Love the One You’re With: Reflections on Kyoto
Written by: Robin Tress
This week at COP Japan refused to sign a second commitment period of the Kyoto Protocol outright. Following this statement, it was released that Canada, Russia, and at least one other country were also going to block a second commitment to Kyoto. Canada´s Minister for the Environment said himself that Canada would rather sign onto an agreement that had all countries committing to targets rather than just Annex 1 countries (developed nations that took on emission targets during the first KP commitment period).
Environment Minister Baird wants all countries to commit to emission reductions. On the surface, that sounds like a great idea. We’ll all cut our carbon footprints! It will be great! However, when you think about the way in which Annex countries became developed (by exploiting oil resources), and the reason that climate change exists in the first place (Annex countries have been burning fossil fuels for upwards of 200 years), the idea of everyone taking on reduction targets right now seems a little less reasonable.
The Kyoto Protocol, born in 1997, was built on the premise of “common but differentiated responsibility” for climate change. This phrase translates into real life by Annex countries (those whose development was made possible by the burning of fossil fuels) needing to take the first step in reducing GHG emissions. This concept is referred to widely as ´climate debt´ and was accepted by all Annex countries (including Canada) who signed onto Kyoto in 1997. But now, nearing the end of our first commitment period under Kyoto and in a position to negotiate a second period, “Environment Minister Baird has made it clear the Harper government is opposed to a number of its key principles, including the differing nature of the commitments between rich and emerging economies.”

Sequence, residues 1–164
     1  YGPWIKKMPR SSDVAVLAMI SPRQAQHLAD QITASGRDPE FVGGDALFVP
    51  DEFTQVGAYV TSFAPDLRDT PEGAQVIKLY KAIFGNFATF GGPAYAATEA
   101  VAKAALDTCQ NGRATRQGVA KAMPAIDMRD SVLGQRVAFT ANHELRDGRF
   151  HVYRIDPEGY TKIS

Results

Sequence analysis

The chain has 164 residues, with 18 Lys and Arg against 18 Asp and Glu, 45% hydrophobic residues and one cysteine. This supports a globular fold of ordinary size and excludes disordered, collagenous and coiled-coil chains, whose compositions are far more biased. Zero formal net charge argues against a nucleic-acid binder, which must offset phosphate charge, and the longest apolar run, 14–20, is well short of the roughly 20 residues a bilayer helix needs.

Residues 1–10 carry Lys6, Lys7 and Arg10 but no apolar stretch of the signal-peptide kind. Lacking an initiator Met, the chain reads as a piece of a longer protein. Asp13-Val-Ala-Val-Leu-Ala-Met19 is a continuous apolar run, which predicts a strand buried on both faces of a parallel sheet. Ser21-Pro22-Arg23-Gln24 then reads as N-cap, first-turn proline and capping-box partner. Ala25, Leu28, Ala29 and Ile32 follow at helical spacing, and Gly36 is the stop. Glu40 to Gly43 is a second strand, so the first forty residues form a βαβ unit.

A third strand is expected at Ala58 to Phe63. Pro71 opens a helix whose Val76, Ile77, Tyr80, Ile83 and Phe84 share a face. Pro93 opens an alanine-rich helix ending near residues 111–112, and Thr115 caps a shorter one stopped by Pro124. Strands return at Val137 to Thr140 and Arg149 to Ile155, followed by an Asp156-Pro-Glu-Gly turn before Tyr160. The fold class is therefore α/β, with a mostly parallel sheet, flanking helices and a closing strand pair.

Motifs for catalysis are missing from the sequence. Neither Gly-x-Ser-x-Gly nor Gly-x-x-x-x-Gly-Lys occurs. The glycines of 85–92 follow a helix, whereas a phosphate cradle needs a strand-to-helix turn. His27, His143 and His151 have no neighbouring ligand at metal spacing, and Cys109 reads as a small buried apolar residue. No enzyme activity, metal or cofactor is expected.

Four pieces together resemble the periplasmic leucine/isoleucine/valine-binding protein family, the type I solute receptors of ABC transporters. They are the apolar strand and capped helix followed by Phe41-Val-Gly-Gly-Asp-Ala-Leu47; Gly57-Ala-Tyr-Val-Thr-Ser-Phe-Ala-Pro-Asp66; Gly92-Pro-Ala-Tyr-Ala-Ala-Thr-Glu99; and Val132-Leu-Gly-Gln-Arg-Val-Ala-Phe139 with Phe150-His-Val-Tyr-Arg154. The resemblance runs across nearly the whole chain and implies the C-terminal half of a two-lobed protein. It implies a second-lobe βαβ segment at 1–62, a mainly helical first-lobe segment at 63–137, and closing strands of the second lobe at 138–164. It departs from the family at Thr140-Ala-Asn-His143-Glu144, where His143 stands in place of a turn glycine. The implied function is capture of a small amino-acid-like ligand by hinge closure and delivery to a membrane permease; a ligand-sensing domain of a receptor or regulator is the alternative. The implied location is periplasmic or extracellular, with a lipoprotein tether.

I would like to point out that Kyoto was created in 1997, 5 years after the inception of the UNFCCC. Ratification within all countries´governments took 7 years, and Kyoto´s first commitment period spans from 2005-2012. If the Canadian government refuses a second commitment period under KP, we are throwing more than a decade of negotiations out the window, and delaying a global FAB deal until at least 2020. Keep in mind that the science has irrefutably shown that in order to avoid “run away climate change” we need to peak our emissions by 2015, which will be basically impossible without a global deal being made before that time.
Now, it´s been said that Kyoto is not the ideal framework to deal with climate change and injustice, and like anything else, KP is not perfect. But the age-old saying still applies: if you can´t be with the one you love, love the one you´re with. We´re with Kyoto, and deadlines are so fast approaching that we don´t have time to go looking for a trophy treaty. If we reject Kyoto and instead work towards a new framework for global climate discussion, we are without a doubt putting ourselves on the path to disaster.